‘If you wait for the perfect conditions to just magically appear, you’ll wait your whole life,’ says Khanya Mzongwana, who started her cooking career at just nine years old. She now has her fingers in as many pies as possible (strictly figuratively speaking because she ‘abhors’ baking) – expertly juggling food shoots, reimagining recipes for restaurants, speaking about her entrepreneurial journey, working on her first book, tempting adoring social media fans with self-styled foodie posts and, of course, hosting monthly Off the Wall pop-up restaurants.
‘There’s an extensive amount of research that goes into planning our menus through the internet and practical experimentation,’ says Khanya. ‘I do more home cooking closer to the time and explore key ingredients that will end up being a part of my final menu, figuring out flavours and textures that work and adding my own personal spin on things – but chef’s remorse is totally a thing.’
One of our Next Generation stars for 2016, we checked in with Khanya a year later to find out where she’s at now and what new opportunities and ideas the past 12 months have brought.
Which three words or phrases most accurately describe the past year for you?
‘Challenging’ is a word that comes to mind when I think of all the spiritual, mental and creative changes I’ve undergone since the year began. ‘Insightful’, in terms of the shift in relationships. But most of all, this year’s been a lot of fun; a wise woman named Ling Sheperd said 2017 is the final year for bad but fun decisions… sometimes being a fool can bring about some valuable life lessons!
What have been some of the highlights – career-related and otherwise – over the past 12 months?
Media coverage is always flattering; I enjoyed shooting Bayeza 2017 with [digital publishing company] Between 10and5 recently and uncovering a new approach to food – one that is more focused on the future of farming. I finally took the plunge and started Undignified, a social intervention that aims to make access to good food easier and abolish the class distinction in food that has excluded the working class from being able to enjoy good food at a price they can afford. I also shot an episode with British chef Matt Tebutt of Discovery Channel’s Kings of the Wild, where we discussed local ingredients and even got to cook together.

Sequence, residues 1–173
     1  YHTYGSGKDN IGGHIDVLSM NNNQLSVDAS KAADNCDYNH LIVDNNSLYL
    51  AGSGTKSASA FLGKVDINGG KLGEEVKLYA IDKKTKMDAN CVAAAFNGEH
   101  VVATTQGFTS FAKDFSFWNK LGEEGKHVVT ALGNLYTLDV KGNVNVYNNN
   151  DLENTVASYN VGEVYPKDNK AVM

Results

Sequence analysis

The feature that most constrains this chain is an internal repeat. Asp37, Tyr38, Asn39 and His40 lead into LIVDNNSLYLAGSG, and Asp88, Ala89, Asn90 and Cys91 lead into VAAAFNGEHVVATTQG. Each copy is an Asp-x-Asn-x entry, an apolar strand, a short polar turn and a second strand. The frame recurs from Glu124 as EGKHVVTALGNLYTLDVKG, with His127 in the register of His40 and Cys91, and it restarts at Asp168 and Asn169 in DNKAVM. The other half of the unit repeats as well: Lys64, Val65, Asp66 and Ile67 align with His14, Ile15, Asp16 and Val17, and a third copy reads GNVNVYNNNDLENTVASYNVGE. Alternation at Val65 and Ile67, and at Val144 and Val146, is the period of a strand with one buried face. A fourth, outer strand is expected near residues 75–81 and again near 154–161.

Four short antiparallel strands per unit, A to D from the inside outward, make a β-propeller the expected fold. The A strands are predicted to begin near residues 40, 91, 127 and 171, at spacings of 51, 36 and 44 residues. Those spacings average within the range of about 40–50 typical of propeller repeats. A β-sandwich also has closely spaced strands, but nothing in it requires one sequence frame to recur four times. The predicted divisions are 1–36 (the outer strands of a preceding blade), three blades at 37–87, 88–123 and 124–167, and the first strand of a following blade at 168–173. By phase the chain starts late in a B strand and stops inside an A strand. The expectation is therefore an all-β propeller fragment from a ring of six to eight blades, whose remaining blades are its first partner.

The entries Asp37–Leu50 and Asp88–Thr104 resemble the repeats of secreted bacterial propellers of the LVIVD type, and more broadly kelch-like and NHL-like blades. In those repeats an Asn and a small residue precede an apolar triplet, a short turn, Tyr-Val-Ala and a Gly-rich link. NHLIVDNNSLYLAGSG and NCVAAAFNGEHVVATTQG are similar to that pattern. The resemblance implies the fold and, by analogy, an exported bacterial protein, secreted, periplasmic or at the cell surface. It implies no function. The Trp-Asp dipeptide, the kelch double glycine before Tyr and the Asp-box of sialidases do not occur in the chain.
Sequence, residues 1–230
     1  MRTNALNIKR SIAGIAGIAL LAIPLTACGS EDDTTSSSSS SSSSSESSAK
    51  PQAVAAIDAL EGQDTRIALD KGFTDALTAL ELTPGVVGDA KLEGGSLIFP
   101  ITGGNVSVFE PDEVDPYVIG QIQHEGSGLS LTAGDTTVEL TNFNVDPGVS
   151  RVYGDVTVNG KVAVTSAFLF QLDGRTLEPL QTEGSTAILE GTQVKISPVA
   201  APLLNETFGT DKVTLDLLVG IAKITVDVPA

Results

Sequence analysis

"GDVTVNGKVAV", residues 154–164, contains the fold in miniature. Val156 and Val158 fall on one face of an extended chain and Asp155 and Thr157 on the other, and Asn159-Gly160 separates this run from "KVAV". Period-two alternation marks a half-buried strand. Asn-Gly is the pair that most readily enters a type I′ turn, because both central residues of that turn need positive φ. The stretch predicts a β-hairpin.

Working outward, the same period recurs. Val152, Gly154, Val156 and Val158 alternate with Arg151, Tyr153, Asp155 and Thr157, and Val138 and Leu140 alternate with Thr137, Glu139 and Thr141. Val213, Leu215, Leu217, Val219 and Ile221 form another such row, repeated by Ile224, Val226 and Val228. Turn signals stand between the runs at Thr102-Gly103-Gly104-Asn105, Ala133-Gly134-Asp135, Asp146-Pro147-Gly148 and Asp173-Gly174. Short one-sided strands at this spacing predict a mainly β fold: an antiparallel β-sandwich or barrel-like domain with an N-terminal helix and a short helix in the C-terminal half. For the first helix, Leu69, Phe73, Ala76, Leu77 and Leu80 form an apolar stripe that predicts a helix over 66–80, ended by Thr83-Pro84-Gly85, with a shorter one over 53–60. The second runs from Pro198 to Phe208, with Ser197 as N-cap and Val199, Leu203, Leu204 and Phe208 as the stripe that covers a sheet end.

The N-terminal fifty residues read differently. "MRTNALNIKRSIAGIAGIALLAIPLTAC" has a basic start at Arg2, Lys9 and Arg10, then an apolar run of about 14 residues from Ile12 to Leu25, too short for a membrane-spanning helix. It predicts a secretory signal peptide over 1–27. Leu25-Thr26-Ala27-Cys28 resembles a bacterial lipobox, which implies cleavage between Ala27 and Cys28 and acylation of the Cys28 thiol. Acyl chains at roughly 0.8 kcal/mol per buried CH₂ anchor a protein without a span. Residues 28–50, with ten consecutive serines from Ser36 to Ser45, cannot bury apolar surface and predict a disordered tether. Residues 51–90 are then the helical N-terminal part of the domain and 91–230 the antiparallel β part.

And what have some of the biggest challenges been?
Finding my own voice in this very agreeable, very white industry as a young black woman has been tough. There are times where you just have to play the game and then there’s a time where you have to decide who you are and honour your creative identity and do things a bit differently.
How has your creative work, approach or outlook changed since we last spoke to you?
I’m not like a lot of my peers in the food industry, the other ways in which I’m creative have begun to shape my personal food style and I’m getting more comfortable with my approach. I’ve also made a commitment to make my work about people as I’ve often centered my work around myself – the social media attention and the oohs and aahs that come with being a food stylist are great fun, but I’ve realised that if I want to keep being able to do what I love, which is to feed people, then the focus needs to be on the future of food in South Africa and not just what’s currently available.
What are you busy with at the moment?
I’m busy building an amazing food blog to house my recipes. It’s really important to me to keep being inspired creatively and I’d also like to use the blog to archive some of my mother’s recipes. In addition, I’m working on Undignified, which will be a fun social platform used to make better eating an accessible thing to everyone. I can’t say anything more at this point, though.
And lastly, where do you hope to be or what do you hope to have achieved another year from now?
I hope to have left the country a year from now, to be honest. I also hope to make some real moves in the way of helping to get better nutrition out there to all who need it.